Thanks for the responses. I'm actually using jQuery to load the partial (eg. $("#salescharts").load('/Sales/SalesByProduct?productId=12345');). I will try this approach and update the post when I'm done.

@uvita: Updated my answer with a hacky way to enable returning 401. @fynnbob Handling this with the .ajaxError function allows you to keep using .load ect and not be forced to use the lower level functions

And a third way :)

As of jQuery 1.8, the .ajaxComplete() method should only be attached to document.

jquery - A controller action which returns a partial view inserts the ...

jquery asp.net-mvc partial-views authentication authorize-attribute
Rectangle 27 8

Wrong. 401 is part of Hypertext Transfer Protocol (RFC 2616 Fielding, et al.), but not limited to HTTP authentication. Furthermore, it's the only status code indicating that the request requires user authentication.

302 & 200 codes could be used and is easier to implement in some scenarios, but not all. And if you want to obey the specs, 401 is the only correct answer there is.

And 403 is indeed the most wrong code to return. As you correctly stated...

Authorization will not help and the request SHOULD NOT be repeated.

So this is clearly not suitable to indicate that authorization is an option.

To add a little more info, lifting the confusion related to...

The response MUST include a WWW-Authenticate header field (section 14.47) containing a challenge applicable to the requested resource.

If you think that's going to stop you from using a 401, you have to remember there's more:

"The field value consists of at least one challenge that indicates the authentication scheme(s) and parameters applicable to the Request-URI."

This "indicating the authentication scheme(s)" means you can opt-in for other auth-schemes!

The HTTP protocol (RFC 2616) defines a simple framework for access authentication schemes, but you don't HAVE to use THAT framework.

In other words: you're not bound to the usual WWW-Auth. You only just MUST indicate HOW your webapp does it's authorization and offer the according data in the header, that's all. According to the specs, using a 401, you can choose your own poison of authorization! And that's where your "webapp" can do what YOU want it to do when it comes to the 401 header and your authorization implementation.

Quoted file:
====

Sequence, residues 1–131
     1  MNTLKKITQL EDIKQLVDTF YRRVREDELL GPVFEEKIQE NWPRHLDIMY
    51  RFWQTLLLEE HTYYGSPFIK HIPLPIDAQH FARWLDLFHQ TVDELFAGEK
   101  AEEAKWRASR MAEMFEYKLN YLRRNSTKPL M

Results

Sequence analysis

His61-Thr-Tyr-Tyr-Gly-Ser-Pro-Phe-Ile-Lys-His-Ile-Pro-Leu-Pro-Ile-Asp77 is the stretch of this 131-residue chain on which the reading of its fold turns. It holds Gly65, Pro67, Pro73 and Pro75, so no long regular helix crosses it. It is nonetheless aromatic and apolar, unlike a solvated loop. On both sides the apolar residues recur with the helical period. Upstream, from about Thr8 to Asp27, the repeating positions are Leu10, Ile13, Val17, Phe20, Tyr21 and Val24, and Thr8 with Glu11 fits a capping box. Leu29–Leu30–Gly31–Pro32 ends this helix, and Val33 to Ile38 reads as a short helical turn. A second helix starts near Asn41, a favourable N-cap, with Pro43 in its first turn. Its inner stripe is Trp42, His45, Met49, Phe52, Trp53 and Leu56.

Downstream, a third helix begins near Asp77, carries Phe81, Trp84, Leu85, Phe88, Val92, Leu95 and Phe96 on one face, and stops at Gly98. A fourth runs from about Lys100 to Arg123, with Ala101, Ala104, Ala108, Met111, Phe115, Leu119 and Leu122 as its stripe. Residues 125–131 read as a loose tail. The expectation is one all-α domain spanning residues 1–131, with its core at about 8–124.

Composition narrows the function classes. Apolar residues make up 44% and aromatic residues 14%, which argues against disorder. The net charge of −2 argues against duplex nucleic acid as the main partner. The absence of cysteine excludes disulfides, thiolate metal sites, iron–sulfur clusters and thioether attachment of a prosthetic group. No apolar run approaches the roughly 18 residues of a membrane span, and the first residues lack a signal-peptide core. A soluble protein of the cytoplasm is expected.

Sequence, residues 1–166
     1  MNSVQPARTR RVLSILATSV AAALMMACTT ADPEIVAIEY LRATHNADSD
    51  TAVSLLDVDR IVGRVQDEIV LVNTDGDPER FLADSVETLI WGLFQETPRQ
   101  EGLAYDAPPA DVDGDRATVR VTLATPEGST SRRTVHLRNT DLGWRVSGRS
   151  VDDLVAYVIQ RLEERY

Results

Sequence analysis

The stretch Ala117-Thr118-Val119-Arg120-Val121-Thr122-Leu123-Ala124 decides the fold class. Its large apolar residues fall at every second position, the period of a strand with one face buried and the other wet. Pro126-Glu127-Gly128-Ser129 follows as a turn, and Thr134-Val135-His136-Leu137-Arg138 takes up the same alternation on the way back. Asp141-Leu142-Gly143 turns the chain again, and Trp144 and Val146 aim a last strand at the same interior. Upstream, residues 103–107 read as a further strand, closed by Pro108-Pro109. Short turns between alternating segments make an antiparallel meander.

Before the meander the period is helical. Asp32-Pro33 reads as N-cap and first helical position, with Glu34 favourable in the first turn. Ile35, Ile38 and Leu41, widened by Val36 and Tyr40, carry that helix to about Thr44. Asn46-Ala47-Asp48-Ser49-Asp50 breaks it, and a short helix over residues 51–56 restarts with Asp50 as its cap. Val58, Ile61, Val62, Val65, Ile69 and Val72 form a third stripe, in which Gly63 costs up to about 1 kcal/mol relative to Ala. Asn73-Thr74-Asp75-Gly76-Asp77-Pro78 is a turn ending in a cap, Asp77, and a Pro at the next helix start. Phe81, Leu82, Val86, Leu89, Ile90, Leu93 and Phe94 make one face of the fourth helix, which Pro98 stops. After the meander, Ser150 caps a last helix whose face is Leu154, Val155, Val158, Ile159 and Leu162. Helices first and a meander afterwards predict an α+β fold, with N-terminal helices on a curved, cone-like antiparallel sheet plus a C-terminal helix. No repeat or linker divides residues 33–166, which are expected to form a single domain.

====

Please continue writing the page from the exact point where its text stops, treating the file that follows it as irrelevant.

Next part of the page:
Don't let the specs confuse you, thinking you HAVE to use the usual HTTP authentication scheme. You don't! The only thing the specs really enforce: you just HAVE/MUST identify your webapp's authentication scheme and pass on related parameters to enable the requesting party to start potential authorization attempts.

And if you're still unsure, I can put all this into a simple but understandable perspective: let's say you're going to invent a new authorization scheme tomorrow, then the specs allow you to use that too. If the specs would have restricted implementation of such newer authorization technology implementations, those specs would've been modified ages ago. The specs define standards, but they do not really limit the multitude of potential implementations.

The response MUST include a WWW-Authenticate header field (section 14.47) containing a challenge applicable to the requested resource.

show an example of a WWW-Authentication header you would use with a 401 where an authentication cookie is needed?

rest - Correct http status code for resource which requires authorizat...

rest http-status-codes
Rectangle 27 8

Wrong. 401 is part of Hypertext Transfer Protocol (RFC 2616 Fielding, et al.), but not limited to HTTP authentication. Furthermore, it's the only status code indicating that the request requires user authentication.

302 & 200 codes could be used and is easier to implement in some scenarios, but not all. And if you want to obey the specs, 401 is the only correct answer there is.

And 403 is indeed the most wrong code to return. As you correctly stated...

Authorization will not help and the request SHOULD NOT be repeated.

So this is clearly not suitable to indicate that authorization is an option.

To add a little more info, lifting the confusion related to...

The response MUST include a WWW-Authenticate header field (section 14.47) containing a challenge applicable to the requested resource.

If you think that's going to stop you from using a 401, you have to remember there's more:

"The field value consists of at least one challenge that indicates the authentication scheme(s) and parameters applicable to the Request-URI."

This "indicating the authentication scheme(s)" means you can opt-in for other auth-schemes!